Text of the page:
Earlier this week, the Weekly received a letter to the editor from UC Irvine regarding Antsy 'Eaters, my last cover on the mental wellness situation at UC Irvine. Below is the text of that letter and my response.
I understand that there are multiple organizations on campus that are involved in maintaining the student body's mental wellness--and I mention several of them in the story--but the Counseling Center is the most visible of those organizations and, in the mind of the students, the first point of contact for their mental health issues. As such, I feel that it is appropriate that they undergo primary scrutiny.
I do not believe that my report of wait times is incorrect. I specifically wrote that there is an urgent-care counselor available to see students the day off. The two-week figure I cite as a minimum is taken directly from Counseling Center staff and is regularly cited on the Counseling Center's website and by its staff, including by Counseling Center Director Jeanne Manese during her address to the students during the Isla Vista vigil. I would not be surprised to find out that some students receive help within two or three weeks, but that is the beast that is scheduling, and I would not be surprised to find out that that is more an exception than a norm.
During my interviews, I had multiple, unrelated students tell me independently that they had experienced or had friends that had experienced multi-month wait times, the most recent account coming from about a month and a half ago. I have no reason not to believe them.
Preventative and outreach measures are important, but the issues that currently exist exist in spite of those measures, and, as Assistant Vice Chancellor Holmes told me during our interview, outreach services are temporarily being scaled back as the Counseling Center dedicates more of its full-time staff to counseling.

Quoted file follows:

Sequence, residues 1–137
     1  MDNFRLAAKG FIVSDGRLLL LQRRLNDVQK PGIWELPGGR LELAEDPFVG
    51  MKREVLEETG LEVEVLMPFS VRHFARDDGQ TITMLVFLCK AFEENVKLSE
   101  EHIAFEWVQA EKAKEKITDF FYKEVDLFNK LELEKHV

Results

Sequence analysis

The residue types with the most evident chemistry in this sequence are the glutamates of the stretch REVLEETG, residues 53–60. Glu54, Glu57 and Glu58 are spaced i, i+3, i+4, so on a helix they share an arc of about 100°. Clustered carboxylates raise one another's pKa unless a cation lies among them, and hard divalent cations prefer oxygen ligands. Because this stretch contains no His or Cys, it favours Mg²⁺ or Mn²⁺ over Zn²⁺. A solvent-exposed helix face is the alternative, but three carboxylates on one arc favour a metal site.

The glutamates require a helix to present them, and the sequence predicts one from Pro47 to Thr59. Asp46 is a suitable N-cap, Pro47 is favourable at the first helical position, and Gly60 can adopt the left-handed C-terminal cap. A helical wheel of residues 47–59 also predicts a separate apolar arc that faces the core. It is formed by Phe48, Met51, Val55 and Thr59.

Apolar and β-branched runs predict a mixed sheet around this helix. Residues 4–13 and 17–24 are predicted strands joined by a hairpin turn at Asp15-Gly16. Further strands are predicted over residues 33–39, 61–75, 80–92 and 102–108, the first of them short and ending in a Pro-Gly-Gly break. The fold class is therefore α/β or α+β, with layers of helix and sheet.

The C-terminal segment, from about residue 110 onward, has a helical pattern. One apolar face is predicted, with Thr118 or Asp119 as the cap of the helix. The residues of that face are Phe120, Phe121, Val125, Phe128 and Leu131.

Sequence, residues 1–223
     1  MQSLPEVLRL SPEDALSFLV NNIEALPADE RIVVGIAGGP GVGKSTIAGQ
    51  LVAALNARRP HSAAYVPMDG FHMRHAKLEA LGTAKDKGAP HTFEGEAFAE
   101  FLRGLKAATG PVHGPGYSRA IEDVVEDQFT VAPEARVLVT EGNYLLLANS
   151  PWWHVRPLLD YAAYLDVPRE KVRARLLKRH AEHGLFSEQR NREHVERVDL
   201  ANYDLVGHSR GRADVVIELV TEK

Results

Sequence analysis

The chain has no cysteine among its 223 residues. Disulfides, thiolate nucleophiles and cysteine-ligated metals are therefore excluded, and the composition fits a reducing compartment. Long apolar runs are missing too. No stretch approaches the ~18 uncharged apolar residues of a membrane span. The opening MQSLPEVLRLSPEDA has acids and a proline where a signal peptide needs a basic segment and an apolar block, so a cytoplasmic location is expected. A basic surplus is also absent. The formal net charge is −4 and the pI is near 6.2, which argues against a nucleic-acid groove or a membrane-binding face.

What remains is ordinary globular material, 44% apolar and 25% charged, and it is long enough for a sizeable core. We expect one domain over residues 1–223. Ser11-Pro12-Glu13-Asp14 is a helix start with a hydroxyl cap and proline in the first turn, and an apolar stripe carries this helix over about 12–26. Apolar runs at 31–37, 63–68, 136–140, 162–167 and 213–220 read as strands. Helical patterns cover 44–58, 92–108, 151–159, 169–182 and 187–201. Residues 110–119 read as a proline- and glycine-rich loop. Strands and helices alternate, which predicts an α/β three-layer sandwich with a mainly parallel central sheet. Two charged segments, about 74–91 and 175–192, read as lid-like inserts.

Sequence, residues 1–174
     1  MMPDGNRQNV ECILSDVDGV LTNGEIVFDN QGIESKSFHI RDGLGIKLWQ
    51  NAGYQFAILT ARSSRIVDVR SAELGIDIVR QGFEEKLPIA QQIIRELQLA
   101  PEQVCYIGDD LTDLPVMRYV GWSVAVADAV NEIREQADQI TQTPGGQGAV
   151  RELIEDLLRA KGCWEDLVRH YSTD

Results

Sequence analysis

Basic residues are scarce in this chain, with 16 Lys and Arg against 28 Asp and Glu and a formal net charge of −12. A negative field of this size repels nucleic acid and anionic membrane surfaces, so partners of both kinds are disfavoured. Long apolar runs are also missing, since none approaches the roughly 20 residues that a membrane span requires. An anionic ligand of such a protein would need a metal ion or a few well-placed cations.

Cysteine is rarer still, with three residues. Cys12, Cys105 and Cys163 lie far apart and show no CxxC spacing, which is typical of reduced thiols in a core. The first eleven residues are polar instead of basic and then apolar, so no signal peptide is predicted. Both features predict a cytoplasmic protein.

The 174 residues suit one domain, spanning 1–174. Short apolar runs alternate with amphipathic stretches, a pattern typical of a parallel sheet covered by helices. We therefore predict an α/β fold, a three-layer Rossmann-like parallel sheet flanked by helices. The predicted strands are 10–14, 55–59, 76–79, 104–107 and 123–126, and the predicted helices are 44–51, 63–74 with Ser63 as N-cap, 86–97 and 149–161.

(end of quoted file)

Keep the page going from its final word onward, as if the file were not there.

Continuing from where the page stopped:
I'm not surprised to find out that 90 percent of respondents are happy with the help they receive from the Counseling Center. In the interviews I conducted, the majority of students agreed that the center's staff worked hard and cared about their students, the main problem is that they're understaffed, and I don't see how satisfaction levels help with that. It feels to me that retention rate is a flawed metric to use to determine student happiness, especially for a commuter heavy campus like UCI. Under other metrics, alternate school organizations don't list a single UC campus in the top 20 most happy college campuses.
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Now for some real talk: I love UC Irvine. My time spent there was supremely influential, and it's easy to say that I would not be where I am today if I had gone to a different school. Because of that, I want the school to be the best that it can be. Mental health is also an important issue to me. When I was still a student, I would have been a prime candidate for urgent care multiple times. Several of my friends who are students now receive services from the counseling center.
I'm happy to be able to say that all of the feedback I've received from students and recent alumni for the story has been overwhelming positive. The students know its an issue, otherwise they wouldn't be bringing it up during meetings with the UC President, or writing about it so much. As for the cover, I'll quote my editor-in-chief, Gustavo Arellano, when he says "It was an arresting, touching encapsulation of a problem that seems to affect UCI more than other schools. I see no reason to apologize for or retract the cover."